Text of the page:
Check out our blog for industry related posts focused on helping you achieve your advertising and communication goals.

Can Small Businesses Benefit from Influencer Marketing?


For months, I’ve been increasingly fascinated by both the capabilities and caveats of influencer marketing. Last week, Kylie Jenner posted a tweet expressing her disappointment with the Snapchat redesign.

One day later, shares of Snap closed down six percent which translated to a market value loss of $1.3 billion. Sources debate whether to credit Kylie with the drop, but either way it’s an intriguing coincidence.

Numerous others are annoyed about the redesign and over 1.2 million people have signed a petition asking Snapchat to remove it. While the change to the app improves exposure for advertisers, users are frustrated and find it more difficult to find the content they actually want to see, stories uploaded by friends.

In direct response to the petition, Snapchat said it would soon be adding tabs to make it easier to locate stories. Zooming out, it has likely been the backlash from multiple levels of influencers that contributed to this resolve in less than a week. Celebrities, bloggers and other micro-influencers had the clout to help the petition go viral.

The most well executed mainstream marketing campaigns are strategic enough to incorporate influencer marketing at the global, national and regional levels. For example, the film industry often rounds out marketing efforts by incorporating private screenings to influencers within their target audience.

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It’s Super Bowl Ad Time!


Okay. I admit it. I don’t really “watch” the Super Bowl. I watch the TV ads. And that’s what I’ll be doing this Sunday evening as I scurry to get dinner together for our family during playtime until my husband calls me back to the TV when the commercials start.

It’s our business at KMK to keep track of national trends in advertising and, from what I’ve gathered, this year’s TV ads are supposed to be tear-jerkers overall. I look forward to the story-telling, to the TV spot that makes you scratch your head and wonder why in the world an agency convinced a company to waste gobs of money on it, and to the commercials that you know are going to be memorable for many months and years to come.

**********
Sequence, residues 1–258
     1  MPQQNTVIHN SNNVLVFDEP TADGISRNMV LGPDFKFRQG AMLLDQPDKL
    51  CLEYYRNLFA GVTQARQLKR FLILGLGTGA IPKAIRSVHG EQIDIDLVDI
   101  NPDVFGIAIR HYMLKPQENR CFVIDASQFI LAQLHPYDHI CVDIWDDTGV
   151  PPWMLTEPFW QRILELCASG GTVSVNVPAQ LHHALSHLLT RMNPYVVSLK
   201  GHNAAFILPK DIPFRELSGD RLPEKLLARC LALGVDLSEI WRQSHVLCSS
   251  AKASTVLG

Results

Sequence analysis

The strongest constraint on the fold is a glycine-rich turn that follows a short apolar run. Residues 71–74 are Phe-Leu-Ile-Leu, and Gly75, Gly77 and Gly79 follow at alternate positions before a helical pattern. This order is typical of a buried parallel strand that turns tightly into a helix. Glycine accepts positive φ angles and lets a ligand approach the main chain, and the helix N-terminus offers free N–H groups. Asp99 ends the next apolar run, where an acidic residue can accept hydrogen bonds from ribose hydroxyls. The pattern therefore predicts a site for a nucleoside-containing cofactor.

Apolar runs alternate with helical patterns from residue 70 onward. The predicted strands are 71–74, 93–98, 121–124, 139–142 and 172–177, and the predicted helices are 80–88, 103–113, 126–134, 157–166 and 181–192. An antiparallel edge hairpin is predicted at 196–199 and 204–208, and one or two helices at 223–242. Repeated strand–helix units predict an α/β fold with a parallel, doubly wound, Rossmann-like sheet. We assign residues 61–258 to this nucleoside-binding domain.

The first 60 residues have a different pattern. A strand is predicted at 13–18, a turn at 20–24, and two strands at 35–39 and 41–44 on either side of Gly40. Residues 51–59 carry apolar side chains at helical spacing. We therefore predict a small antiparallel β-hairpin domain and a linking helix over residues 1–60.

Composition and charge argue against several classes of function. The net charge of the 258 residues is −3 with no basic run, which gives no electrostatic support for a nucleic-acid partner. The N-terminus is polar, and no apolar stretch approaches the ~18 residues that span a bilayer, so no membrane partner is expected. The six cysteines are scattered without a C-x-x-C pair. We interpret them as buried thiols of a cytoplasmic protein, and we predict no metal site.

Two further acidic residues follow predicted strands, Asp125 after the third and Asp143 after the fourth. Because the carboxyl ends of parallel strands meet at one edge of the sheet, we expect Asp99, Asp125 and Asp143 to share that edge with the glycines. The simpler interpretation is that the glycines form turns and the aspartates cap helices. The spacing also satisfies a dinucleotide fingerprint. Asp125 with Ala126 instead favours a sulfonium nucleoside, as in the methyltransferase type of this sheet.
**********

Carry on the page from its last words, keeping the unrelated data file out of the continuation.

I also marvel at the obscene amount of money national companies spend to have their moment in the spotlight (a very fast 30 seconds of fame) and hope they’re tracking the return on their investment.  

Super Bowl LII is a big game investment for TV advertisers. Here’s the breakdown:

The average cost for a 30-second commercial in Super Bowl LII is just over $5 million.That equates to a price per second of $168,333. Blink and you missed $168,333.Total spending on ads during Sunday’s NBC Super Bowl broadcast will run approximately $419 million.Marketers have spent a total of $5.4 billion on Super Bowl ads over the last 52 years.The average cost of a 30-second TV spot in the 1st Super Bowl in 1967 was $40,000. ($300,000 adjusted for inflation)



When Does PR spell ROI?


Our team and I have worked on public relations for multimillion-dollar corporations down to small start-up companies, and when we work with them they all have one thing in common.

The first question typically asked is, “How do I know if the PR is working?” (Which really means…is it resulting in increased sales?)

Public relations can be measured but not in the same way as other marketing and sales efforts. Unlike a coupon offer or a highly effective salesperson, the results of public relations are a bit more complex to track. That does not mean, however, that they CAN’T be measured.

So, how do you measure the results of public relations? Here are a few key areas to track:  

Number of Impressions. Basically, how many times did your topic get picked up by the media and where? Print, TV, online? Did the coverage include a link to your website or social media page? If so, you can track that inbound traffic, as well. Set up Google Alerts and check the websites of the media outlets that ran the story. Check your own web analytics.  Positive Brand Awareness. How many of your PR mentions in the media are positive? How many are negative? Are your proactive public relations activities resulting in more positive mentions than negative ones? This can truly be captured via an excel spreadsheet or written log.What is the conversation surrounding your media exposure? Is it positive or negative? Look at the social media comments posted to the stories online. Ask your outside sales/community relations people for specific customer feedback. Check your own website contact page and social media conversations.

So how do you start?  

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Let's Talk Strategy: Will You Be Ready for Q1?


Fall is official and fourth quarter is fast approaching on October 1. This can be a chaotic time of year for businesses and organizations as they are challenged with balancing various priorities including year-end campaigns, auditing, employee reviews and more. It can be so overwhelming that strategic planning for the year ahead gets put off or left behind. Developing your marketing strategy in Q4 is a sure way to finish the year strong.